Thursday, February 25, 2016

Spider evolution

Spiders are an ancient and diverse group comprising over 45,000 described species with probably three times as many awaiting discovery. In addition to their remarkable diversity, ecology, and abundance, spiders are known for some extraordinary compounds, such as venoms and silks. Although few spider venoms are dangerous to humans, they potentially hold some medical promise as insecticides and therapeutics. And, no other animal can claim a more varied and elegant use of silk a super strong material we are started to explore more in order to use it to create biometic material such as artificial nerve constructs, implant coatings, and drug delivery systems.

Despite all that, our understanding of spider evolution was rather poor. The orb web, the spiral wheel shaped web made by many spider species, was once considered "the crowning achievement of aerial spiders" and consequently researchers believed it to have evolved independently at least twice across the group's evolutionary history. However, studies in the 1980s suggested the opposite and many colleagues concluded that the orb web and the taxa that spin it all shared a common ancestor. 

Well, this thought will likely change once again. Colleagues in the US conducted a massive phylogenetic study of spiders using next generation sequencing technologies. Perhaps I should start calling them HTS - High Throughput Sequencing which seems to become the new standard. The researchers generated a genomic data set composed of nearly 3,400 genes for 70 spider taxa that represented a wide breadth of the order's diversity. The resulting phylogenetic tree confirms earlier suspicions that all orb weaving spiders are, in fact, not closely related to one another. Although these data could be interpreted to mean that the orb web evolved more than once the team finds this hypothesis highly unlikely.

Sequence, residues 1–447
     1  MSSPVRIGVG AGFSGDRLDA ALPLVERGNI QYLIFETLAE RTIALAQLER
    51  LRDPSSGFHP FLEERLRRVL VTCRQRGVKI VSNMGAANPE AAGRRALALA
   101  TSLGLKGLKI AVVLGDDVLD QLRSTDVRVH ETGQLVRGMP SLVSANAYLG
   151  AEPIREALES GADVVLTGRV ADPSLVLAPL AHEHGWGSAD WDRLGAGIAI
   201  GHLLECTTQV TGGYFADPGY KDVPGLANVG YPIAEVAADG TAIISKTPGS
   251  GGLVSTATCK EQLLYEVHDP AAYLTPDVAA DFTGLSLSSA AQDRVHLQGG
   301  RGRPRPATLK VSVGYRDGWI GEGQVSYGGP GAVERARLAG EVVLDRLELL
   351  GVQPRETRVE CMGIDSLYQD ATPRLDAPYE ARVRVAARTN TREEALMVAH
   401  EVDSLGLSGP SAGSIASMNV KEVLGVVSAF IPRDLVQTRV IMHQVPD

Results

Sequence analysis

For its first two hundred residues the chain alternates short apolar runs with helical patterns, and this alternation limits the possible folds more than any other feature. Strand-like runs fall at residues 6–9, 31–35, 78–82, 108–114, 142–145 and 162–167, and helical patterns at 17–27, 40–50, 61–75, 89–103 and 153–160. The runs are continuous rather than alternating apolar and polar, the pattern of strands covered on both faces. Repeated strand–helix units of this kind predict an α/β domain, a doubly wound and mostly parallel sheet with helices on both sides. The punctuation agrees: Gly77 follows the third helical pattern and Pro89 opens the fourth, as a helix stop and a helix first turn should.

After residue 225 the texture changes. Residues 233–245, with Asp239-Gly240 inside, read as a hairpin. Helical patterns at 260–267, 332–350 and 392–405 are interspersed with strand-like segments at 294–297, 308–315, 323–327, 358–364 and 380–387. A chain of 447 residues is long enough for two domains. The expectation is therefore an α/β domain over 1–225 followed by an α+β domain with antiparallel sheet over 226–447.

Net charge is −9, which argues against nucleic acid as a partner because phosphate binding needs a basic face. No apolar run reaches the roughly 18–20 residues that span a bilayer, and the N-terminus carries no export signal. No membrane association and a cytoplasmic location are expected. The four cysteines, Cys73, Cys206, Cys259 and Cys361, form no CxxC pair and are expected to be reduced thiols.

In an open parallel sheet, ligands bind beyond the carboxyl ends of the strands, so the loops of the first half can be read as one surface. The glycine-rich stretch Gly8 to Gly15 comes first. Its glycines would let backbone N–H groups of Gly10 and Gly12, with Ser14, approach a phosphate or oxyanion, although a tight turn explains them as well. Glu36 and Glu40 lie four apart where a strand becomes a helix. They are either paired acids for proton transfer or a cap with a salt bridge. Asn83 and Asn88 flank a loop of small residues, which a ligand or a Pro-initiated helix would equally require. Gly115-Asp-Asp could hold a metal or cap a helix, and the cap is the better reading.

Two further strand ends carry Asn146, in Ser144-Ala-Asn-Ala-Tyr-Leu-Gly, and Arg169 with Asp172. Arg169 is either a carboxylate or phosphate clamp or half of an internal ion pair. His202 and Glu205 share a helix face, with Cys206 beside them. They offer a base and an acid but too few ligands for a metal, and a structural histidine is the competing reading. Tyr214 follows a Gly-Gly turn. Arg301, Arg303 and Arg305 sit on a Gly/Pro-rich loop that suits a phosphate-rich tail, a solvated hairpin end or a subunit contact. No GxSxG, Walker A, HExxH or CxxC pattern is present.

Our results are relatively clear that while orb weaving taxa are not as closely related as previously thought, our data do support the notion that the orb web itself has evolved only once. What we are calling the "ancient origin hypothesis" for the web, simply means that the largest branch on the spider tree of life had an ancestor that constructed an orb web but most of its descendants abandoned it for other more seemingly more lucrative prey hunting strategies.

Further diversification analyses actually showed that the mostly ground-dwelling, web-less spiders diversified faster than orb weavers. Molecular dating estimates show a major increase in biomass of non-flying insects during the Cretaceous Terrestrial Revolution 125–90 million years ago favoring diversification of spiders that feed on running rather than flying prey. 

A very interesting read and as it has been noted by a couple of colleagues via Twitter that the new PeerJ graphical abstracts (image above) are pretty cool, too.

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